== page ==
Some of the largest insurance companies in the nation are engaging in this categorical exclusion of PrEP users. GLAD has heard directly about cases of discrimination by State Farm, Aetna, Metropolitan Life, John Hancock, Protective Life, Lincoln Financial, and many more. We have sued Mutual of Omaha Insurance Co. for denying long-term care insurance to a qualified HIV-negative gay man because he uses PrEP. This is an industry-wide policy and practice. Gay men can either get insurance or they can forgo taking the best biomedical HIV prevention method in the history of an epidemic that has claimed so many lives.
So what are all these corporate giants saying about PrEP users? Life, disability, and long-term care insurers underwrite the risk that an applicant will claim benefits and when. They get your medical records and exclude you if you have a disqualifying health condition, or charge you higher premiums if you have certain health conditions. But people who are excluded solely because they take PrEP do not have any disqualifying health condition. They are excluded because these corporations believe they are engaging in "high-risk sexual behavior" and deem them at high risk for HIV. Let's be frank: They are talking about anal intercourse. In other words, you are fully eligible for insurance, but you are turned away because of the sex you are having.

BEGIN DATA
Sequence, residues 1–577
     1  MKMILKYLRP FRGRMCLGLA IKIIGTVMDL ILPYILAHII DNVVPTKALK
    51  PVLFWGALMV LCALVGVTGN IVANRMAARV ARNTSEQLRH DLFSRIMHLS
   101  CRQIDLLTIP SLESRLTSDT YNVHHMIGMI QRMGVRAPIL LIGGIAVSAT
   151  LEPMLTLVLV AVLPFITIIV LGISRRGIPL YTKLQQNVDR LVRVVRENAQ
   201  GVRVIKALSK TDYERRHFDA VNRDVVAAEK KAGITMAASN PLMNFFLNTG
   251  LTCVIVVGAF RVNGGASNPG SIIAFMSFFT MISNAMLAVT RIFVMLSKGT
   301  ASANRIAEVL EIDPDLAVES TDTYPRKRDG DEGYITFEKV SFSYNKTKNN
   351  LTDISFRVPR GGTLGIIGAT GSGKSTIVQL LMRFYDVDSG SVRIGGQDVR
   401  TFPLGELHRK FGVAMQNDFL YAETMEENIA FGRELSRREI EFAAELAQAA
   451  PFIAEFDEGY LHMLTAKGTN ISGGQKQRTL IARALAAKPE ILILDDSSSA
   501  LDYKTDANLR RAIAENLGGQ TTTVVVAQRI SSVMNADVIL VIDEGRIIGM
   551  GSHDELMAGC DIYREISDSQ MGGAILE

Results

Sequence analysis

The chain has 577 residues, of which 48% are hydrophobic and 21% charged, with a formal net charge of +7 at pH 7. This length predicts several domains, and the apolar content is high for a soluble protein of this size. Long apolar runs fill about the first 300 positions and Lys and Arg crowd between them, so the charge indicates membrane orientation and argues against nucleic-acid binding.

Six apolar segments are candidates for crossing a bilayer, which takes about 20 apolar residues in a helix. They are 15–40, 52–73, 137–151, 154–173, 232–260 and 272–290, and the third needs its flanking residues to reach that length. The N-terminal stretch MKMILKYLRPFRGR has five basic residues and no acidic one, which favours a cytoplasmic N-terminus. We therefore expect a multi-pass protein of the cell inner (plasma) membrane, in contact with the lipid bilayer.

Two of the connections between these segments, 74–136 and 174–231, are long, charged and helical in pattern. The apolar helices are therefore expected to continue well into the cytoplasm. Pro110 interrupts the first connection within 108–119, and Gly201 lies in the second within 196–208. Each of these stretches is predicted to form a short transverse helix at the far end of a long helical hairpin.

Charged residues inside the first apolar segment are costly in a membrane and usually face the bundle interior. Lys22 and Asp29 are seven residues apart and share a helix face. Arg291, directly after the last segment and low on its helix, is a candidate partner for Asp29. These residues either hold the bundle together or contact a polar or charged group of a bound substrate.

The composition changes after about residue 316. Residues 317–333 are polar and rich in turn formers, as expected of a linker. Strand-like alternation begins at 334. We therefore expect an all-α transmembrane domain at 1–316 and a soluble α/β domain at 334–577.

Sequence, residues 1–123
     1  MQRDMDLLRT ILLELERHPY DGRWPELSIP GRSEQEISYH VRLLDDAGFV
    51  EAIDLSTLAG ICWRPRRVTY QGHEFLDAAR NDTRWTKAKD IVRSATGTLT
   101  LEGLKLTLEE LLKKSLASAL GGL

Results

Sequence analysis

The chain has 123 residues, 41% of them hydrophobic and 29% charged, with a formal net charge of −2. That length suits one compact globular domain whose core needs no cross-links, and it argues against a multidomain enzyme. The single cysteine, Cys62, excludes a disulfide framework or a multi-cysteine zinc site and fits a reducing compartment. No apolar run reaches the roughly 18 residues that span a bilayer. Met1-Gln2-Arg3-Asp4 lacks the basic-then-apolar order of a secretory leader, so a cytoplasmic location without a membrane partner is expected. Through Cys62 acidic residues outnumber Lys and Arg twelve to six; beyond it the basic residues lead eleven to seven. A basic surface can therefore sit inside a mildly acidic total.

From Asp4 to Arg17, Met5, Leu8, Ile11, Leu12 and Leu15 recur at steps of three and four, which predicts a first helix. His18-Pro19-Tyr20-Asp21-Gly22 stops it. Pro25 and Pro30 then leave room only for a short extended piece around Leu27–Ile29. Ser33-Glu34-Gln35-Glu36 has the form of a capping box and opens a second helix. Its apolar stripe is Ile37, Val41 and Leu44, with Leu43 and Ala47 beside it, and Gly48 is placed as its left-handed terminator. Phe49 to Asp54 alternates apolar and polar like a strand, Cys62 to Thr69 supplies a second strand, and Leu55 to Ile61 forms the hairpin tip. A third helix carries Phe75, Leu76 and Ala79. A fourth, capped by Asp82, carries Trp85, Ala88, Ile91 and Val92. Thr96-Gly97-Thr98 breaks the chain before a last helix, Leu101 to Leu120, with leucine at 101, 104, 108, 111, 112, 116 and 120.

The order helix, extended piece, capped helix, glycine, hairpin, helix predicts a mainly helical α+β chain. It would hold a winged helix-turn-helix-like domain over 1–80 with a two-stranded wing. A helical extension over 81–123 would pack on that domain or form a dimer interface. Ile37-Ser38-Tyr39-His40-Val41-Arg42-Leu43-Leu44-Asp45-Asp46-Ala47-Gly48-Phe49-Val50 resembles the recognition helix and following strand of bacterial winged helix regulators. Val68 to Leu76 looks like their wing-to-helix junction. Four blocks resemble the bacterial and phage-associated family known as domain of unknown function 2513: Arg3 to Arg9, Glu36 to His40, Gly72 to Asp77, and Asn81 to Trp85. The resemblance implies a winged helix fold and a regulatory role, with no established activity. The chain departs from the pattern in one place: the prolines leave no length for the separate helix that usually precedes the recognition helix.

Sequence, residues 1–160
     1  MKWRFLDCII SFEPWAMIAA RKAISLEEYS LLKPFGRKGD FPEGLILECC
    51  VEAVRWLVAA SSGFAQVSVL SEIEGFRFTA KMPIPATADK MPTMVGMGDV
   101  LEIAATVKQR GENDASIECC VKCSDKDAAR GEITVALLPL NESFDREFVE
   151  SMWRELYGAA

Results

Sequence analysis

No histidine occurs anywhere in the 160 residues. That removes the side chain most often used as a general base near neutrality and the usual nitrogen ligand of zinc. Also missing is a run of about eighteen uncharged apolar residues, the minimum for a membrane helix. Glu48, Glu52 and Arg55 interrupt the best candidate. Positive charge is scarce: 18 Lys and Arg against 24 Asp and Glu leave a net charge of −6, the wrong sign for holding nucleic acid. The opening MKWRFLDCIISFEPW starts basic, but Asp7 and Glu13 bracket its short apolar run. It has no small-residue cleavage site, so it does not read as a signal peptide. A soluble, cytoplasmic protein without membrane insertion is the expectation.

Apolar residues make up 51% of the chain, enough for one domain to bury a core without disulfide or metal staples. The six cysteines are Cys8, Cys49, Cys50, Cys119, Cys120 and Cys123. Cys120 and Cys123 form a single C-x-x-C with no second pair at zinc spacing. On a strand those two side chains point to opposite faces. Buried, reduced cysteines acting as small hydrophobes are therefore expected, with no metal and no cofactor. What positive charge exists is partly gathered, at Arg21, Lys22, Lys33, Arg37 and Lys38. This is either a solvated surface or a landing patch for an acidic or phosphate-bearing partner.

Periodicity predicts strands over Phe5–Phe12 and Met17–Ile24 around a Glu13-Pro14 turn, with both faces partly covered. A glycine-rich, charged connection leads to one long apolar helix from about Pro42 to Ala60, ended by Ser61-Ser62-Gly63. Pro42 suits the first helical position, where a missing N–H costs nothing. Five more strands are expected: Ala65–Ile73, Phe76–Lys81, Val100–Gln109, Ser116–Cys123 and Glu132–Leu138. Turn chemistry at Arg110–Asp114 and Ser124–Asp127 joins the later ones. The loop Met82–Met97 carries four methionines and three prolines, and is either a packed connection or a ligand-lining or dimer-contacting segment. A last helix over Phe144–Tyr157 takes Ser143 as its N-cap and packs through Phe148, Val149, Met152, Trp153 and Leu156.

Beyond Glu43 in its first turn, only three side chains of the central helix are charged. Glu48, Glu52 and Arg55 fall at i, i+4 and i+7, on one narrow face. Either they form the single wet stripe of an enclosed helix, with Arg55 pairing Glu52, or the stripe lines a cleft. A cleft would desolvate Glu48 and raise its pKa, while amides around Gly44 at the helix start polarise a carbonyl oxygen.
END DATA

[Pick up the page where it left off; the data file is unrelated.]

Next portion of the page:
In an industry that is based on rationalit, and is supposed to make decisions based on actual data, how does this make sense? Research demonstrates that PrEP is close to 100 percent effective at reducing the risk of HIV transmission, far more effective than condoms. Let us say that again: Close to 100 percent effective in stopping HIV. And yet the insurers ignore the efficacy of PrEP and instead use it as a proxy for "high-risk sexual behavior" in their underwriting. That is not science; it's a moral judgment about the people who use PrEP. By the way, 80 percent of PrEP users are gay men.
These insurers argue that not everybody takes PrEP as directed (once daily) which reduces its effectiveness, or that the long-term effects of Truvada usage are unknown (PrEP has been demonstrated to be well tolerated with no significant side effects). These same insurers offer insurance to people with a range of conditions, such as diabetes and bipolar disorder, as long as the applicant demonstrates adherence to medications that control those conditions. Yet they don't allow PrEP users to demonstrate adherence. And insurers obviously don't exclude every new drug approved as safe by the Food and Drug Adaministration simply because there is not long-term data for new drugs.